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Few plants and animals become fossils, with less than 0.01% of all animals becoming fossilized. But that doesn’t mean you can’t find one, if you know where to look, that is. Still, is it legal to sell the fossils you discover?
You can sell fossils that you find if it was found on your private property. However, you cannot legally sell fossils discovered on federal property, private property belonging to someone else, or public property.
This article will delve into the legality of selling the fossils you find. We’ll also discuss how valuable fossils can be and how to sell fossils for the highest price. You can use this information to ensure that you’re selling fossils legally and to high-paying buyers, so stick around.
Is It Legal To Sell Fossils?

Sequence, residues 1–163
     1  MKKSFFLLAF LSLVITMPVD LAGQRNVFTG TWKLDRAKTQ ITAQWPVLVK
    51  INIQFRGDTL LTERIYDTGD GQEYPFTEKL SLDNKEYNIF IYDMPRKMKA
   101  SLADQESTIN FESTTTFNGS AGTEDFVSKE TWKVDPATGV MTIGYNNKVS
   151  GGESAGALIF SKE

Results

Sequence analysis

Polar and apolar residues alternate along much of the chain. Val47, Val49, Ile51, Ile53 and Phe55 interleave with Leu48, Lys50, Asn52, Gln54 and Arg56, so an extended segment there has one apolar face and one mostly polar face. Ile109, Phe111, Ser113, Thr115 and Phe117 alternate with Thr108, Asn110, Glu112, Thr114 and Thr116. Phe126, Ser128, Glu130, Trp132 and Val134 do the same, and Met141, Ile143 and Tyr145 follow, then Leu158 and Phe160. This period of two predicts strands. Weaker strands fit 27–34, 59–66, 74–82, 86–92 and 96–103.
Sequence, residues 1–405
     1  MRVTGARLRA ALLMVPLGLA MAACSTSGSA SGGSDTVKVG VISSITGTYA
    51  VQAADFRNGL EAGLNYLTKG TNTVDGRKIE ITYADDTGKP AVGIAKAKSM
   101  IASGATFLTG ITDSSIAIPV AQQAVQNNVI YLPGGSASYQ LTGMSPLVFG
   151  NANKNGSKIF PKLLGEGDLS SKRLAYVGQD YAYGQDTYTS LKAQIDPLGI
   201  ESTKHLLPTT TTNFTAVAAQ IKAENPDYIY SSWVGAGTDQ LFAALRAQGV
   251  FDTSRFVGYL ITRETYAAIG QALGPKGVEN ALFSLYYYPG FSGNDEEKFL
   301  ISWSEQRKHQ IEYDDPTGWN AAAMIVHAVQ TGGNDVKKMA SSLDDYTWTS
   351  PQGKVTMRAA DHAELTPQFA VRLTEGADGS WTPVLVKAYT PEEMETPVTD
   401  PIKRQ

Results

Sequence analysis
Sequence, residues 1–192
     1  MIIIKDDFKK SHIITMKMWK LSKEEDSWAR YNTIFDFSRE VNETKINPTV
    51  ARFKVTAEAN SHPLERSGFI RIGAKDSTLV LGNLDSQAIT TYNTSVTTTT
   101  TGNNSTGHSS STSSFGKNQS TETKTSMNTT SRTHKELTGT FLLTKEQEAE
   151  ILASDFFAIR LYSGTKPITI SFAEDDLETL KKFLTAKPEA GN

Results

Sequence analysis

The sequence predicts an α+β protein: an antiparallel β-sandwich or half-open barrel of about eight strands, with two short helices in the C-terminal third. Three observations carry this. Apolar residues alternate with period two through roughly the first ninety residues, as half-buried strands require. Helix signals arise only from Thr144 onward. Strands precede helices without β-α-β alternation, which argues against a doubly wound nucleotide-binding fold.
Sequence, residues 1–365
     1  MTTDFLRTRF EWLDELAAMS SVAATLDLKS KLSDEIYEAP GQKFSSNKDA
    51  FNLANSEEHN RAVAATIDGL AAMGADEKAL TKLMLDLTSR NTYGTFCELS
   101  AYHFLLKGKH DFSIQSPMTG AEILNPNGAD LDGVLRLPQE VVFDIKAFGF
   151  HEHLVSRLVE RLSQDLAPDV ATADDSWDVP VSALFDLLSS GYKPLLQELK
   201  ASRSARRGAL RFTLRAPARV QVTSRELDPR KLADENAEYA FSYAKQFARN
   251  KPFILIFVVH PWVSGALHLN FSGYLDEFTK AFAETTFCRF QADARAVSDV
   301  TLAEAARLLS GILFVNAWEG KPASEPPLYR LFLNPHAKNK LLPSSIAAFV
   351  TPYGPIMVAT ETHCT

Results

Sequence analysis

Selling fossils is legal in the United States, but only if the fossils were discovered on your private property. The legality of selling any given fossil depends more on where you found the fossil than what kind of fossil it is. If you found them on public land, federal land, or private property belonging to someone else, you cannot legally sell them.
In the United States, fossils found on privately owned property or land are considered the legal property of the landowner. So, if you find a fossil in the backyard of a property you own, you can do whatever you like.